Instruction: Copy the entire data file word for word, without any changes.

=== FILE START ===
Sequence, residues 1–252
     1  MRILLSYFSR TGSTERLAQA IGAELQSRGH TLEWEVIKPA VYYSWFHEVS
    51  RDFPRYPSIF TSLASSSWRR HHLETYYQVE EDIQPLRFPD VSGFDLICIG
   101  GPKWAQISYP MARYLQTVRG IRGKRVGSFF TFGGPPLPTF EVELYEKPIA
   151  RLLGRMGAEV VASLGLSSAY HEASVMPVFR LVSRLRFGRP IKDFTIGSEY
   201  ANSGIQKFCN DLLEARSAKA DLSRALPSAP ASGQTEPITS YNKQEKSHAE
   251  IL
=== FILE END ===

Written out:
Sequence, residues 1–252
     1  MRILLSYFSR TGSTERLAQA IGAELQSRGH TLEWEVIKPA VYYSWFHEVS
    51  RDFPRYPSIF TSLASSSWRR HHLETYYQVE EDIQPLRFPD VSGFDLICIG
   101  GPKWAQISYP MARYLQTVRG IRGKRVGSFF TFGGPPLPTF EVELYEKPIA
   151  RLLGRMGAEV VASLGLSSAY HEASVMPVFR LVSRLRFGRP IKDFTIGSEY
   201  ANSGIQKFCN DLLEARSAKA DLSRALPSAP ASGQTEPITS YNKQEKSHAE
   251  IL